The Financial Times has reported today of parallel complaints that were filed simultaneously in Australia, Ireland, Switzerland, and the United Kingdom by the Global Legal Action Network (GLAN) before Multiple National Contact Points (NCPs) of the Organisation for Economic Co-operation and Development (OECD). They will begin the process of investigating three international mining giants (BHP, Anglo American and Glencore) over allegations of serious human rights abuses and devastating environmental pollution at the Cerrejón coal mine in Colombia, and investigating Ireland’s state-owned energy provider, the ESB, over purchases of coal from the mine having allegedly failed to identify adverse impacts which are directly linked to the mine operations.
The Organisation for Economic Co-operation and Development is an intergovernmental economic organisation with 37 member countries, founded in 1961 to stimulate economic progress and world trade.
If successful, the three companies that jointly own the Cerrejón mine (BHP, Anglo American, and Glencore) will have to take steps to comply with the OECD Guidelines for Multinational Enterprises, including progressively closing down the mine in full and environmental restoration. The complaints against the mining giants also call for the full compensation of communities for the harms they allege they have suffered.
Separate complaints have also been lodged against Dublin-based Coal Marketing Company (CMC), which is the exclusive marketer of coal from the Colombian mine, as well as Ireland’s Electricity Supply Board (ESB) (95% owned by the Irish state), which has been a major purchaser of the mine’s coal. In 2019, the UN Committee on the Elimination of Racial Discrimination recommended that Ireland “consider stopping purchasing coal from the Cerrejón mine”.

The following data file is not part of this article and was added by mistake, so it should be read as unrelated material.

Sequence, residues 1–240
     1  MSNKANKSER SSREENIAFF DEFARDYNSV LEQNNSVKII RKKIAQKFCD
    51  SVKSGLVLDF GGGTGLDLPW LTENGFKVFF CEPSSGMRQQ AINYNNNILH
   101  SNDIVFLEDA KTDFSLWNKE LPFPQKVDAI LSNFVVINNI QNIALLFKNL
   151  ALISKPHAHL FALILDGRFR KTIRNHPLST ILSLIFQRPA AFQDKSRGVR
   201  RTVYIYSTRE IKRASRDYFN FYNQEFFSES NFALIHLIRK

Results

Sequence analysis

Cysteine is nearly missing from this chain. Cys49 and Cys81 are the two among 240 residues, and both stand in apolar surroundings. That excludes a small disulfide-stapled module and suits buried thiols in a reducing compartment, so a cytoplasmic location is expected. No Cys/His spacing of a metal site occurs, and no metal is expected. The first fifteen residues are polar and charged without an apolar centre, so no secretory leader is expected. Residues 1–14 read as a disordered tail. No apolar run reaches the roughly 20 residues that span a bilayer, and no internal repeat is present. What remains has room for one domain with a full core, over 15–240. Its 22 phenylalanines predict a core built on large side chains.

All five complaints have been lodged with the relevant National Contact Points for the OECD, which are tasked with ensuring that companies comply with the OECD Guidelines for Multinational Enterprises.
Monica Feria-Tinta was instructed by GLAN in the preparation of the OECD complaints.
GLAN’s work was led by legal researcher Aislinn Kelly-Lyth. The complaints are being supported by a coalition of Colombian, Irish and international human rights and environmental NGOs.
The complaints can be found here: